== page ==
Finally the finish is dry enough that I can mount the shoes on the pot. The shoes on this banjo are a clever little contrivance. Here is a photo of the hardware:
It looks like the shoes are made from some rectangular brass stock which has been cut at an angle and then drilled and tapped for the screw. All of the hardware supplied with this kit is uncoated solid brass. It is shiny now, but it will all eventually darken to an antique patina.
Since the brass is very soft and easy to break, I decided to put some oil on the threads before I did anything else.
I put oil on all of the hooks and nuts as well. Here are all the pieces scattered around the table. There are 10 shoes on this banjo. The holes have been pre-drilled for the shoe bolts, so all I have to do is screw them on.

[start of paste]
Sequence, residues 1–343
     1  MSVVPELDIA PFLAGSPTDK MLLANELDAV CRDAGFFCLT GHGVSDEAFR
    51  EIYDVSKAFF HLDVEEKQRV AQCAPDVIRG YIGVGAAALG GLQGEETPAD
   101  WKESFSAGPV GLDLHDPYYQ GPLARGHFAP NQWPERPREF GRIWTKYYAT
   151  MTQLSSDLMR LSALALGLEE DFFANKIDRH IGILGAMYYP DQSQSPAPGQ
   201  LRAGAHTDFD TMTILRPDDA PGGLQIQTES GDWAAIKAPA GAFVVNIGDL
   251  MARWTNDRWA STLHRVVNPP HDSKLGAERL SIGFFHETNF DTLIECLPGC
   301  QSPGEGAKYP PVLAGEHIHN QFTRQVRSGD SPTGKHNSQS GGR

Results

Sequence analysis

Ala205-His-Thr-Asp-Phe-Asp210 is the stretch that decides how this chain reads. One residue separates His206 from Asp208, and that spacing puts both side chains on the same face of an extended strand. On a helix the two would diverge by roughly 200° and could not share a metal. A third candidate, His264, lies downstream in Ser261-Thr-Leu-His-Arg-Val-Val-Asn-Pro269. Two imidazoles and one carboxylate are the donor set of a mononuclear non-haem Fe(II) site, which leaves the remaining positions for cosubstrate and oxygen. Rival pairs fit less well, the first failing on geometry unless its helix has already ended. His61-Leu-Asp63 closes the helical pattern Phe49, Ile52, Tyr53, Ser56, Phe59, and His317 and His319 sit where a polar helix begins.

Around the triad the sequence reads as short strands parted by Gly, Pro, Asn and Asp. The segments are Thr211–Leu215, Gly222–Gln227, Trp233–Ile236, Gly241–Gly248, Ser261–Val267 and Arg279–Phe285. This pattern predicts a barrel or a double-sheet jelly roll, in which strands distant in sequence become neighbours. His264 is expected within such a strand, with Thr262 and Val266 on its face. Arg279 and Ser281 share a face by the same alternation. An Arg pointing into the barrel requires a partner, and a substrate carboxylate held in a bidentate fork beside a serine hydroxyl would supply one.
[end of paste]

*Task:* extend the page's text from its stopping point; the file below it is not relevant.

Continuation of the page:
Oops. Not so fast!
I got part way around the pot and found this:
One of these things is not like the other!
A similar thing happened to me when I was building my Goldtone banjo. In that case it was a screw that had no threads. Look here Mounting the Resonator. In this kit it is a screw with no slot in the head. Well I could not cut those threads before, but I think I can cut a slot in this screw head. Fortunately I have some needle files.
I put the screw into my small vise and started filing a notch. Fortunately, the brass is soft so I was able to make good progress.
Once I had that screw fixed, the rest of it went together easily. The screws and shoes were all perfectly sized and tapped so I had no problem with the parts fitting together. Here is a photo of the finished pot with the shoes mounted on it.
This took a bit longer than I thought it would because I had to cut that slot in the screw. This step took me about an hour and a half.